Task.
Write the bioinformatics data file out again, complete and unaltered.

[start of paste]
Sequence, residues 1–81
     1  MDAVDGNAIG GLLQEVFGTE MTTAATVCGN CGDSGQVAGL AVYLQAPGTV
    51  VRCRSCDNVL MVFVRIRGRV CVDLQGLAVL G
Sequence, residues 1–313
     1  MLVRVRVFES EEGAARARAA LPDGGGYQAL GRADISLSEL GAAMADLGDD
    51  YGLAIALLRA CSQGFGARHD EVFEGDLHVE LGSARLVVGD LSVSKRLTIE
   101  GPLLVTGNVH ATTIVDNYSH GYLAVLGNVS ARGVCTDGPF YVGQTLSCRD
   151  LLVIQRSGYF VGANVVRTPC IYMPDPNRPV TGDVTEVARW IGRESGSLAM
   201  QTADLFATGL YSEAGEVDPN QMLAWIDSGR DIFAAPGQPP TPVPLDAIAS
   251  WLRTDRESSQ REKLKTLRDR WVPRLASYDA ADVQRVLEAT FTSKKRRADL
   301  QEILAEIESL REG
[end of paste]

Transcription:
Sequence, residues 1–81
     1  MDAVDGNAIG GLLQEVFGTE MTTAATVCGN CGDSGQVAGL AVYLQAPGTV
    51  VRCRSCDNVL MVFVRIRGRV CVDLQGLAVL G
Sequence, residues 1–313
     1  MLVRVRVFES EEGAARARAA LPDGGGYQAL GRADISLSEL GAAMADLGDD
    51  YGLAIALLRA CSQGFGARHD EVFEGDLHVE LGSARLVVGD LSVSKRLTIE
   101  GPLLVTGNVH ATTIVDNYSH GYLAVLGNVS ARGVCTDGPF YVGQTLSCRD
   151  LLVIQRSGYF VGANVVRTPC IYMPDPNRPV TGDVTEVARW IGRESGSLAM
   201  QTADLFATGL YSEAGEVDPN QMLAWIDSGR DIFAAPGQPP TPVPLDAIAS
   251  WLRTDRESSQ REKLKTLRDR WVPRLASYDA ADVQRVLEAT FTSKKRRADL
   301  QEILAEIESL REG